More recently, President Hu Jintao treated the 2008 Summer Olympics as an opportunity to demonstrate China’s economic and political maturation to the rest of the world. Though Beijing still faced international criticism for its human rights record, Hu pledged to loosen control of the media and sought to use the Olympics to showcase China’s rise and present the regime as a global leader.
Fast forward to the present, and Beijing is once again poised to host the Olympics, even as the CCP continues its genocide in Xinjiang. The CCP surely hopes the pomp and circumstance will drown out growing international criticism over its rampant abuses, such as forced sterilization of Uighur women.
This time, however, China will host the Games while facing a U.S. diplomatic boycott. But the Biden administration should not congratulate itself yet. The White House sat on its hands for almost a year, limiting current options for recourse. Had it acted sooner, the administration could have placed more pressure on the IOC to consider relocating the 2022 Games over China’s human rights violations. The Biden administration missed another opportunity to hold the CCP accountable when it declined to ask Olympic sponsors to reconsider their business agreements with China.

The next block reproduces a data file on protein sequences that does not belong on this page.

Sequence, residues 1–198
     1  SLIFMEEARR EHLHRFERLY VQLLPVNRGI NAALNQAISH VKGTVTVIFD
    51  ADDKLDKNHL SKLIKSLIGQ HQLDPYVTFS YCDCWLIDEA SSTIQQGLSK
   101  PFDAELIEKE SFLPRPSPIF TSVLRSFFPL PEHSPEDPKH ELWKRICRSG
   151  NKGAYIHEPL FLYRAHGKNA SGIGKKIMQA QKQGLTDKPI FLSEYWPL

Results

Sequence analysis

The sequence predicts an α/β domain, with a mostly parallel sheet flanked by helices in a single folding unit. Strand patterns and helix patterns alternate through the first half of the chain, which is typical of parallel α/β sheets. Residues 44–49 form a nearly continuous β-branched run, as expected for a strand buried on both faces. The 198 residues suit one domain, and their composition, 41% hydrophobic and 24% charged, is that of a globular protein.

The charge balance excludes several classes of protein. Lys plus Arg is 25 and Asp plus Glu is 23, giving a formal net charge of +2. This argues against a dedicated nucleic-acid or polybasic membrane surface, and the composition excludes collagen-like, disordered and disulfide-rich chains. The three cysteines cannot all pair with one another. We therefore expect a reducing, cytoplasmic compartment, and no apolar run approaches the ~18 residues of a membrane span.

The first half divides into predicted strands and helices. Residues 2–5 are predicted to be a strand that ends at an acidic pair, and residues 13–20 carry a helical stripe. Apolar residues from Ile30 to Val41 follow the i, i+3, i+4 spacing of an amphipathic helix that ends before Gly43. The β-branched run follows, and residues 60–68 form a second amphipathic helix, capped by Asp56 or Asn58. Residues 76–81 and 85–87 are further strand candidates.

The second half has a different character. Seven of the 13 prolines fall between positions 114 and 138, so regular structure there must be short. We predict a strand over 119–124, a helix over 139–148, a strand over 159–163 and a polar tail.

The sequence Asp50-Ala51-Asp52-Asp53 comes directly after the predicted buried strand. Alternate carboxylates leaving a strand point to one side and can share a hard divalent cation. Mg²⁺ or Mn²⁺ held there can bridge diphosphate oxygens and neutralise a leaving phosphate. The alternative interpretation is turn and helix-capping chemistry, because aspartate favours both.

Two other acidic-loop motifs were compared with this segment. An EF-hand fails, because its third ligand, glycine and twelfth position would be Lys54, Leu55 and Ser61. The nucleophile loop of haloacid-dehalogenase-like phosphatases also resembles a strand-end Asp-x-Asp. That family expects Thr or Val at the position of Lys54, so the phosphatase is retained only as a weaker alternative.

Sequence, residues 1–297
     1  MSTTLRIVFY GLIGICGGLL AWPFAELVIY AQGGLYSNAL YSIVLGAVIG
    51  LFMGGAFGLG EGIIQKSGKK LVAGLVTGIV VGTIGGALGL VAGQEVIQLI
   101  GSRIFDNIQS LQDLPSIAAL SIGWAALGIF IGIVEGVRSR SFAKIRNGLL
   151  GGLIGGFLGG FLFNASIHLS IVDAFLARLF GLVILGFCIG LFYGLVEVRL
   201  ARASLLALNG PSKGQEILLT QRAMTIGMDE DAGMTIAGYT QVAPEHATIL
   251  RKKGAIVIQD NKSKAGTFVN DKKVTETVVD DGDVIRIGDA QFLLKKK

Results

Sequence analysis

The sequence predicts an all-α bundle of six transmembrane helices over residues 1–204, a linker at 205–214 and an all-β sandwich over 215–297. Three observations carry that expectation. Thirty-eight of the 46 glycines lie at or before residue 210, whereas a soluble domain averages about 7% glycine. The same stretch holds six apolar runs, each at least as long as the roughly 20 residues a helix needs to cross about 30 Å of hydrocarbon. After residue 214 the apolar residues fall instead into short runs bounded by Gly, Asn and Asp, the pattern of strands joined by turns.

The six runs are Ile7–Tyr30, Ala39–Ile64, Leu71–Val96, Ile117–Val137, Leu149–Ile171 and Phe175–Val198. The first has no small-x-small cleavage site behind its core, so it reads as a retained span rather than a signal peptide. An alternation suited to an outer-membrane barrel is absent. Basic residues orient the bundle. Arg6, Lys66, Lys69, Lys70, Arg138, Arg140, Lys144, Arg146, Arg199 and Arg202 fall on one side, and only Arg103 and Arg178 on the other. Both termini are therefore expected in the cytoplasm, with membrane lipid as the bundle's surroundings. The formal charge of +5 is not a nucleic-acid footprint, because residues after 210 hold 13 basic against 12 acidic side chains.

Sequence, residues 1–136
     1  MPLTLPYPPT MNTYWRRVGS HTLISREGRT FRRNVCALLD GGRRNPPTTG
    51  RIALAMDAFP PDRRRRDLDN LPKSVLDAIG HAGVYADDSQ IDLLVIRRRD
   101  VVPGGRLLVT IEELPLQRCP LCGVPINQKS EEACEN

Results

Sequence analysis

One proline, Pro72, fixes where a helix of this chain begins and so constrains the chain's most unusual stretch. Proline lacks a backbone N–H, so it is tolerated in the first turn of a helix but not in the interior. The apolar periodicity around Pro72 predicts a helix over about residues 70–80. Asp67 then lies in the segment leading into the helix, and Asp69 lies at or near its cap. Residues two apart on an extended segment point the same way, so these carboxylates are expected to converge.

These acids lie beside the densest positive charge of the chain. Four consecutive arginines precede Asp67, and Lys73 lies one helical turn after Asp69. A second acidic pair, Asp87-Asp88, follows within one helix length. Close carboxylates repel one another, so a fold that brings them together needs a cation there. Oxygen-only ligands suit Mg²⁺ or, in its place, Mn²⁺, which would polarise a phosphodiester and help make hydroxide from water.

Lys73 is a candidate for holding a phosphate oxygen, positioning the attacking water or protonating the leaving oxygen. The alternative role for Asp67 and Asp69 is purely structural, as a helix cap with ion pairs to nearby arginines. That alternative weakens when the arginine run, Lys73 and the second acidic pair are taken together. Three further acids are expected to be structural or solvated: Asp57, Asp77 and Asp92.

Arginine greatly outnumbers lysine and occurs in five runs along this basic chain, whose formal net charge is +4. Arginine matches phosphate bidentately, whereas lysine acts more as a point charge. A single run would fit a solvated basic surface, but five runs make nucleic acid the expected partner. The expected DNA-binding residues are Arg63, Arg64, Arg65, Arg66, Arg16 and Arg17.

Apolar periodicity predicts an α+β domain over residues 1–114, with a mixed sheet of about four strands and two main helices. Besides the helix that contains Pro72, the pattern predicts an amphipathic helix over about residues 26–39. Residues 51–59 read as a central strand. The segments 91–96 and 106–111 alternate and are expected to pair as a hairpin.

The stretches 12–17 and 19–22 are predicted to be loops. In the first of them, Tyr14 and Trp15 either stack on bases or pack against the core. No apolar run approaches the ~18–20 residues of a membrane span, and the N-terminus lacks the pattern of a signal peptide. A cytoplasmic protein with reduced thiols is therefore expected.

The White House’s inaction has elicited bipartisan concern. Sen. Rick Scott (R-FL) called the diplomatic boycott a “weak choice” and said that the president ignored his repeated calls to select an alternate location for the Games. Rep. Tim Ryan (D-OH) argued the president did “not go far enough,” claiming that Beijing’s misbehavior does not earn China the honor of hosting the Olympics in any capacity.
While a full boycott would unfairly punish American athletes, there are other measures Washington should take. The Biden administration should begin by urging other American allies to join the United States in a diplomatic boycott of the Games. UN high commissioner for human rights Michelle Bachelet has stated that her office will soon publish its findings of human rights abuses in Xinjiang. The White House should trumpet this report to encourage others to boycott the Games—particularly the UN secretary-general, who plans to attend the event.
In addition, American broadcasters should not shy away from using the Games as a chance to educate their audiences on the realities of China’s repressive system. To prevent China from controlling the public narrative, U.S. networks should highlight the CCP’s abuses in Xinjiang.
It may be too late to relocate the Winter Olympics, but there’s still time to ensure they are forever remembered as what many critics have called the “Genocide Games.”
Zane Zovak is a research analyst at the Foundation for Defense of Democracies (FDD), where he focuses on the diplomatic and military actions of the People’s Republic of China. FDD is a Washington, DC-based, nonpartisan research institute focusing on national security and foreign policy.